The reality is that price cycles have always been part of the market.  They are part of its evolving nature; and as the market dynamics and structures change, so do the characteristics of those price cycles.

At OPEC, we have conducted research into price cycles and have identified six major price cycles since the early 1970s.  For each of these cycles, we have also looked into the monthly periods of losses and gains using the ‘real price’ value of the OPEC Reference Basket.

This has been a rewarding exercise for us, as it has revealed some interesting similarities among the cycles, as well as some divergences.

For instance, sometimes it has been the economy driving the price cycle, thus demand has been the primary driver of prices, helping to push them up.  Other times, it has been supply, such as with the current cycle, which has served as the primary or fundamental factor.  At other times, a combination of supply and demand factors has driven prices.

Moreover, we also need to recognize that in recent times, non-fundamental factors, such as speculative financial activities, have been a significant factor impacting prices.

However, despite some existing parallels with previous cycles, the magnitude of the price drop in the current cycle is the highest of all cycles in real terms.  In addition, the recent drop in oil prices has been considerably sharper than the decline in prices for other commodities – which is in stark contrast to, for example, the oil price collapse of 1985-1986 when all commodity prices saw a steep decline.

Regardless of what the exact nature of the drivers is, in all cases extreme prices created boom and bust cycles.  These have often had quite negative implications and have contributed to the creation of extremely volatile price environments, which is not in the interest of either producers or consumers.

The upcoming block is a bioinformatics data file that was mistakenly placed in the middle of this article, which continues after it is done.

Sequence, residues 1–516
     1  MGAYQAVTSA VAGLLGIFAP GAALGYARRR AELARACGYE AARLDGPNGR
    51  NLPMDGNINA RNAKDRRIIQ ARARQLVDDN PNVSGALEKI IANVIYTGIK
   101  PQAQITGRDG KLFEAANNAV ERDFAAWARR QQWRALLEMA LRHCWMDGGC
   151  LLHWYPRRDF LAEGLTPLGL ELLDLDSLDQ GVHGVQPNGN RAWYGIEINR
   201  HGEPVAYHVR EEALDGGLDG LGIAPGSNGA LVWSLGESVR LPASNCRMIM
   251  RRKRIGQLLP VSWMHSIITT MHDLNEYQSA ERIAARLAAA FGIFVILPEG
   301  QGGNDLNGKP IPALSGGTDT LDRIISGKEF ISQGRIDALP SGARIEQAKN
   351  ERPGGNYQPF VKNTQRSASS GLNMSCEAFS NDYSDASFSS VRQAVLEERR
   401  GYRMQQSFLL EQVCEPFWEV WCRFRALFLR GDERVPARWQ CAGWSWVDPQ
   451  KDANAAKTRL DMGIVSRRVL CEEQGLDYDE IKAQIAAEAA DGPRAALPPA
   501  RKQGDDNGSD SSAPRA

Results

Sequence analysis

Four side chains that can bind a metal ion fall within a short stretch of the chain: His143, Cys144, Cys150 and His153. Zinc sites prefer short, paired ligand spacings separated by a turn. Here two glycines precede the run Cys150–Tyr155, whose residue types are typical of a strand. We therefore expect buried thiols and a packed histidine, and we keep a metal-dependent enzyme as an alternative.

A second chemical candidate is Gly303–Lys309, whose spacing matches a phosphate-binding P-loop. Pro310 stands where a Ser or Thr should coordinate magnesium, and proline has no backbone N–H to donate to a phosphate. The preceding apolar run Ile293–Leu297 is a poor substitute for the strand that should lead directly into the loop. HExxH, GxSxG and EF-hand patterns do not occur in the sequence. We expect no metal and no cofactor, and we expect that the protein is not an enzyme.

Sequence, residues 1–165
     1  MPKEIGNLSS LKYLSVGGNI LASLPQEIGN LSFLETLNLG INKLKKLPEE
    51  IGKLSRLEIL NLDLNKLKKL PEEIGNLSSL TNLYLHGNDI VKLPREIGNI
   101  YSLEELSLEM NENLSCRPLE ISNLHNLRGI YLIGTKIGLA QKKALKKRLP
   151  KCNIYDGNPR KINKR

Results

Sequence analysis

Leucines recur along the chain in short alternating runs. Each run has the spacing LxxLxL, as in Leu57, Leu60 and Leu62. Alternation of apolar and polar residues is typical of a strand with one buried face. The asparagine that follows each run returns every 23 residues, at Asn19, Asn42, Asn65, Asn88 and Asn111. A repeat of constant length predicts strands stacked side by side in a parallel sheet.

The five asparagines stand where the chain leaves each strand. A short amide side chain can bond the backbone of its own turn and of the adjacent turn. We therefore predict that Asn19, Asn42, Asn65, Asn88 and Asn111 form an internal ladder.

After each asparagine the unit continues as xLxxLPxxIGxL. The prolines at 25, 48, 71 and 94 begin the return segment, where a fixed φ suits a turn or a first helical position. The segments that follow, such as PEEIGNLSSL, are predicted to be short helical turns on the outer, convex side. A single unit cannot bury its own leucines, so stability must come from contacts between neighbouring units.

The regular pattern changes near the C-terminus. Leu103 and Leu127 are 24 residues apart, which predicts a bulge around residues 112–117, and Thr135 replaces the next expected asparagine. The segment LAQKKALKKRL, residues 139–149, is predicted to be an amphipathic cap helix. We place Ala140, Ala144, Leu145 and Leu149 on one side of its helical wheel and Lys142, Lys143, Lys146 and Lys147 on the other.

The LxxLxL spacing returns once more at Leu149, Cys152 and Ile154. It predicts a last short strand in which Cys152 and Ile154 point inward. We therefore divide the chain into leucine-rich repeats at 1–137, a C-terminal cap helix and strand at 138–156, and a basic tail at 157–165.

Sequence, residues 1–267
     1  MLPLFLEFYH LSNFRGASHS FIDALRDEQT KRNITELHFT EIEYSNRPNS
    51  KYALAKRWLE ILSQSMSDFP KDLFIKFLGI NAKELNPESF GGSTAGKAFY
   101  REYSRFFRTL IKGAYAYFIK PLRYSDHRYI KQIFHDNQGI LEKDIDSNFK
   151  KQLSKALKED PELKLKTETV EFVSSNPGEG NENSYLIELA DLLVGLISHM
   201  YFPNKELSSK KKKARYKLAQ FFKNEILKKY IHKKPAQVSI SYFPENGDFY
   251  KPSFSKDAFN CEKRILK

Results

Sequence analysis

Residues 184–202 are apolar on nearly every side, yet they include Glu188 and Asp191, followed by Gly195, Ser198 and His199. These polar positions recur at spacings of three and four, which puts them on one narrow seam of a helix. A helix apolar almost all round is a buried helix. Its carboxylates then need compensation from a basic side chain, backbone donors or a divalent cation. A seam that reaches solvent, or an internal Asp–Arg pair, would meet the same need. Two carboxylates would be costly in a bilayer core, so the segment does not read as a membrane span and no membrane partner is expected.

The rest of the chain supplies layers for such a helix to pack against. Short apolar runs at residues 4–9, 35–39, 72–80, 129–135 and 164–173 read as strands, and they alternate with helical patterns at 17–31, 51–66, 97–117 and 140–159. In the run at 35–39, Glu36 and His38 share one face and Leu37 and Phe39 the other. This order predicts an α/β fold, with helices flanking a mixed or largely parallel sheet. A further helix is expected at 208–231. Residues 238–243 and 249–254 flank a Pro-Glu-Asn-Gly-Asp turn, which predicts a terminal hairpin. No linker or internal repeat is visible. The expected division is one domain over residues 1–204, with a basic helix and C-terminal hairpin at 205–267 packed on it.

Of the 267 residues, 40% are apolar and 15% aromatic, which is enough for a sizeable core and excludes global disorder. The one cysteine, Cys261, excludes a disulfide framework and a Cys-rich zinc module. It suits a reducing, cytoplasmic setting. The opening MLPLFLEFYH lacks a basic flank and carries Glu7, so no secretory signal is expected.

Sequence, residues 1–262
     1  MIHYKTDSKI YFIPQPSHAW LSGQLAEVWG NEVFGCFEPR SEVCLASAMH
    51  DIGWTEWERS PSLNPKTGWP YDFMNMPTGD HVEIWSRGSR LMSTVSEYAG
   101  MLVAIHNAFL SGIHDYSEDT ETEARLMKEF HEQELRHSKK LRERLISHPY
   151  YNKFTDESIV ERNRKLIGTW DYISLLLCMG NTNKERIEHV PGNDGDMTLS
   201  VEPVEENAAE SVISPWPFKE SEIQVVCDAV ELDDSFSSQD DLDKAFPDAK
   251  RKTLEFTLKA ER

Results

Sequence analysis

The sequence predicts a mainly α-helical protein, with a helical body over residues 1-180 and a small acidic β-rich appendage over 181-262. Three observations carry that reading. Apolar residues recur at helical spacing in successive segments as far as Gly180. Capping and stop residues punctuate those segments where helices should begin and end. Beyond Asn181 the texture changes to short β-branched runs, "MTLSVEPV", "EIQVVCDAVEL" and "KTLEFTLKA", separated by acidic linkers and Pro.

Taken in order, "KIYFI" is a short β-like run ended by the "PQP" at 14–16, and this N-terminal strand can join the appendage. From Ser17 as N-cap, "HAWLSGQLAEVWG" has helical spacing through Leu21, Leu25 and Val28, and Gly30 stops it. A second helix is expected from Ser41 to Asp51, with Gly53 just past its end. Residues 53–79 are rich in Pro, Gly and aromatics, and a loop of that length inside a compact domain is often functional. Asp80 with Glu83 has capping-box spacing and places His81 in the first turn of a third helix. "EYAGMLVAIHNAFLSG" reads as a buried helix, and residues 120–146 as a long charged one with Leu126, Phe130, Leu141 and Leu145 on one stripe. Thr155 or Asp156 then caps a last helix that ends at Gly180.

We need to remember that low oil prices are bad for producers today and lead to situations that are bad for consumers tomorrow.  And high oil prices are bad for consumers today and lead to situations that are bad for producers tomorrow.

In terms of the current price cycle, the OPEC Reference Basket price fell by an extraordinary 80% between June 2014 and January 2016.

Many producers felt that the circumstances surrounding the recent price cycle had completely overtaken their day-to-day work.  It also choked off investments, with exploration and production spending falling by a massive 27% in both 2015 and 2016. The recent price crash led to nearly one trillion dollars in investments being frozen or discontinued, and many thousands of jobs were lost.

Moreover, it was also a period that saw major stock builds, with the OECD stock overhang increasing to a level of 380 million barrels above the five-year average at the end of July 2016.

The seriousness of these developments led to OPEC embarking on extensive consultations among OPEC Member Countries and between OPEC and non-OPEC producing nations, which I should stress are ongoing and remain extremely positive, to build consensus about the strategic urgency of rebalancing the global oil market in a collective manner.

These eventually led to the historic production adjustment decisions reached by OPEC and participating non-OPEC producers at the end of 2016 and then extended in May 2017, for a further period of nine months till the end of March 2018.  This has been a major commitment from 24 producing countries as we look to see the return of sustainable market stability.

There was then, and continues to be now, global recognition that without such adjustments, the market would have experienced further extreme volatility, which would have had far-reaching negative consequences for producers, consumers, investors, the industry, and the global economy at large.

It is clear that the rebalancing process is underway, supported by the high conformity levels of  OPEC Member Countries and participating non-OPEC countries to the production adjustments in the landmark ‘Declaration of Cooperation’.  Destocking, both onshore and offshore, is clearly evident.

The most recent data for July 2017 now shows OECD commercial oil inventories around 195 million barrels above the five-year average, down 145 million barrels from the close to 340 million barrels seen at the beginning of 2017.

Floating storage has also been on a declining trend since June, supported by a narrowing contango.  In fact, Brent has recently flipped into backwardation.  As a whole, industry data for 2017 suggest that crude in floating storage has fallen by more than 30 million barrels since the beginning of the year.